Recently proponents of charter schools have been spending remarkable sums of money on advertisements designed to make our public schools look worse and charter schools look better than they really are. Before jumping on the charter school bandwagon, Kentuckians should consider these points:
■ Charters would divert critical funding from public schools. At a time when the state repeatedly fails to fund textbooks for children, it would be terribly damaging to redirect crucial funding and resources away from public schools.
■ We don't need charters. Advocates claim charters cut through red tape and empower school administrations, but in Kentucky site-based decisionmaking councils already do that.
■ Our schools are making greater progress than neighboring states with charters. In fact, Stanford University found that the more charters in a state, the more likely the state is going down in state-by-state comparisons. Since the passage of KERA, Kentucky's ranking in the highly respected "Quality Counts" report by Education Week has gone from near the bottom to 14th in the nation.
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■ Charters lack oversight. They are often not subject to open records laws, open meetings laws or other safeguards. This has led to countless charter school scandals.
■ Charters kick out kids who don't perform well, and yet they still perform worse than regular public schools.
■ Charters claim to accept all students but they intentionally screen out special needs students by requiring parents to sign waivers saying they understand that the school will not provide services for their children.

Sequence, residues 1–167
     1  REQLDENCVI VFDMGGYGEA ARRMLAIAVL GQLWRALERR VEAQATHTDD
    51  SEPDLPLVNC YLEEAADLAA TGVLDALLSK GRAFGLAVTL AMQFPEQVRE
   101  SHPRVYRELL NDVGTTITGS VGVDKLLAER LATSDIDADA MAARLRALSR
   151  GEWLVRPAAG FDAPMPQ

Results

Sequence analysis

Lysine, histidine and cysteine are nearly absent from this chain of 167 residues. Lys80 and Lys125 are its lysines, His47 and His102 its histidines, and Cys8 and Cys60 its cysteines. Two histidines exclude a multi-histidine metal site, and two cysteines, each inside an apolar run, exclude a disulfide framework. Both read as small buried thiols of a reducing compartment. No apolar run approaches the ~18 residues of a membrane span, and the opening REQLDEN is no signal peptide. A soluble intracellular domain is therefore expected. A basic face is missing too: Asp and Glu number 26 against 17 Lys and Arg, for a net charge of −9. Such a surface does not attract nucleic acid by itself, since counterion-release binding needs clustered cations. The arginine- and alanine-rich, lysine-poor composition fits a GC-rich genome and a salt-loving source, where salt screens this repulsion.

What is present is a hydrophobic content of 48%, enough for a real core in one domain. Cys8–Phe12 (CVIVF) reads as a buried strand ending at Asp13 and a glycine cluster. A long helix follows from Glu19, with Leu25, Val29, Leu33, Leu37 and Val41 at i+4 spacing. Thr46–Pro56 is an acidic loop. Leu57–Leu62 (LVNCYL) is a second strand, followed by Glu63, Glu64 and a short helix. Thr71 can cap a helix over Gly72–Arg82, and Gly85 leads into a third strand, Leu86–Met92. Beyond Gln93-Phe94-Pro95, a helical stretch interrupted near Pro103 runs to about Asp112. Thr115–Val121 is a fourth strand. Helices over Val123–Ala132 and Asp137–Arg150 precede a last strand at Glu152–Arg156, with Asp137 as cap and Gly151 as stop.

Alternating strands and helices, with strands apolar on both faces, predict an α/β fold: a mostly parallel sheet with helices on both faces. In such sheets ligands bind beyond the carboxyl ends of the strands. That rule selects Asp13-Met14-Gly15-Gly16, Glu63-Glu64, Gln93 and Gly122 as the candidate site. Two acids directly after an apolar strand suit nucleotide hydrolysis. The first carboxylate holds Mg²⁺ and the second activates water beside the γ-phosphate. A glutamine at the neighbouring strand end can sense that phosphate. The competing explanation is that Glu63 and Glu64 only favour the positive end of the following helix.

■ The turnover rate for students is high. A nationwide Western Michigan University study found the turnover at KIPP charter schools from grades 6 to 8 to be 40 percent, which is much higher than regular public schools.
■ The turnover rate for teachers is high. In Los Angeles charter schools teacher turnover was found to be three times higher at charter schools than at regular public schools.
■ The turnover rate for administrators is high. A recent study by the University of Washington pointed out that, in general, charters have no plan for addressing this problem.
■ Charters do not promote stable learning experiences for children. Charter proponents boast that ineffective charters will be shut down. However, surveys show parents would much rather help their child's school improve.
■ Charter advocacy organizations are funded by right-wing foundations that oppose essentially every program and service designed to support poor and minority children, but we are asked to somehow believe that charter schools have a monopoly on caring about these children.
■ Charter schools are really an effort to undermine teacher unions. The anti-union backers of charter schools, like the Walton Family Foundation, also support other anti-union organizations. Almost all charter schools are non-union.
However, a number of studies have found that students are more successful in states and local school districts where teachers collectively bargain their working conditions. This is because teachers' working conditions are also students' learning conditions.
■ Charters are often more expensive to operate. For example, the state of New Mexico found they cost 26 percent more per student. The additional cost for charters is often made up by private donations.
■ Charter schools are segregating our schools and undermining democracy. Public education has been a pillar of our democracy, allowing students to understand the diversity they will experience as adults.
However, studies have found that charters are segregating our public schools. Many serve only black, or only Muslim, or only Asian or only affluent children.
This should concern anyone who cares about the ability of the members of our diverse society to be able to get along well with one another.
For these and other reasons, charter schools would do more harm than good for the children of Kentucky.
We can all be proud of the remarkable accomplishments of our public schools since the passage of KERA in 1990. Let's build on this success by recommitting ourselves to support our public schools. Diverting funding and resources to charter schools would accomplish just the opposite.